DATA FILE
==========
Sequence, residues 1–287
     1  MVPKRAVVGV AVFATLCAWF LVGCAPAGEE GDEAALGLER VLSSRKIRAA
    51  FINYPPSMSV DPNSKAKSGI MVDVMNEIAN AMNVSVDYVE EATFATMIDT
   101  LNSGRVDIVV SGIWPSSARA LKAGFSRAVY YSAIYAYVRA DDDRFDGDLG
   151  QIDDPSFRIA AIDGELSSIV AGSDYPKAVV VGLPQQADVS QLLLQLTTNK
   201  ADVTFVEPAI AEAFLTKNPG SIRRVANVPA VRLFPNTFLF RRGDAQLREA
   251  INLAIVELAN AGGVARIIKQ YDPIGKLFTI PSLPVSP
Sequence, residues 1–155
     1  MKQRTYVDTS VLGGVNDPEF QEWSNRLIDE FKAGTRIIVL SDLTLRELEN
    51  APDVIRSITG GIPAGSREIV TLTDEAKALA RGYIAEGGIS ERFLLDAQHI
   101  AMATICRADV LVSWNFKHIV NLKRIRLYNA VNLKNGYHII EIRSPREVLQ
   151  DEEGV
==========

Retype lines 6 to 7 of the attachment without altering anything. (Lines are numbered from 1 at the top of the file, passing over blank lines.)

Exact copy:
   201  ADVTFVEPAI AEAFLTKNPG SIRRVANVPA VRLFPNTFLF RRGDAQLREA
   251  INLAIVELAN AGGVARIIKQ YDPIGKLFTI PSLPVSP